Is there no end to the things parents can be blamed for? Strollers! The Canadian Paediatric Society released a report about toddlers, ages one and two, claiming that 80% of them spend half their outdoor time in strollers. This represented only a fraction of the 1,000 children age five and below who were studied.
In response to that, Dr. Yoni Freedhoff was quoted as saying:
We have a ridiculous and toxic food environment and to try to put the blame on strollers is completely asinine.
Dr. Freedhoff went on to say, via his own website, that when it comes to kids ages one through five, the abuse of strollers would not even make the top 100 in the list of causes for the childhood obesity epidemic. The study was titled “Inactive Transport: Stroller Use and Physical Activity in Preschool Children: A Target Kids! Study,” and he said of it:
Never you mind that the study failed to include an objective measurement of activity in these kids to determine actual levels of physical activity, never you mind that we don’t have data on stroller use in the years before the rise of childhood obesity, never you mind that the calories burned even in active play for 1-5 year olds aren’t much to write home about, never you mind that studies on childhood obesity clearly suggest it’s not a problem of inactivity, and that in fact obesity leads to inactivity, not inactivity to obesity…
Well, you get the picture. But the main thing is, Dr. Freedhoff points out that the study did not even say what everybody claimed it said. According to him, it did not even suggest that time spent in a stroller even makes a difference at all!
Madeline Holler points out that “… [K]ids have very little control over the types of food they are exposed to and how often. What’s worse, the adults in their lives are often the biggest underminers…,” but she does not single out parents for blame. There is advertising, and, sadly, there is school:
Even beyond the marketing genius of adult strangers — those whose PhDs have helped them discover new and effective ways of getting a five-year-old to question his parents’ judgment, for example — kids get plenty of messages from other mom-approved adults that it’s OK and desirable to always be stuffing one’s mouth.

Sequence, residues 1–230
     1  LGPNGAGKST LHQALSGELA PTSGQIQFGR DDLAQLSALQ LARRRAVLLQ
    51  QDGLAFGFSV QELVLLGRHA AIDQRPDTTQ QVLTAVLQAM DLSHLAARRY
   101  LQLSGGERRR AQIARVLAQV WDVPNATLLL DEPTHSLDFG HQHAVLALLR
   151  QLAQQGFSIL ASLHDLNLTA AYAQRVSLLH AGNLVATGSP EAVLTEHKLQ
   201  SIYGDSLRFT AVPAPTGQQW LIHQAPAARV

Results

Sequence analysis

Do the math, Holler suggests. When an elementary school class might contain as many as 40 children, there will be a birthday practically every week. And then, the holiday parties either in school or out, and the birthday parties on weekends. It adds up. And kids are very uncomfortable having to refuse treats, being put in the position of demonstrating how they don’t fit in, because they’re too weird or too parentally overwhelmed to even eat a cupcake.
Not only that, but the writer says that in American schools, teachers still give out candy as a reward for good behavior or acing a test. She also points out something that Childhood Obesity News has mentioned before — the treats handed out or bought at fast food joints after extracurricular activities such as sports practices. Parents need to set high standards and model good habits at home, but they might also need to gather together and have a few words with the school administration.
Your responses and feedback are welcome!
Source: “Study says kids spending too much time in strollers,” CTV.ca, 06/09/11
Source: “Are strollers contributing to childhood obesity?,” Weighty Matters, 06/21/11
Source: “Adults are Kids’ Worst Enemy When it Comes to Obesity Prevention,” Babble: Strollerderby, 02/21/12
Image by Serge Melki, used under its Creative Commons license.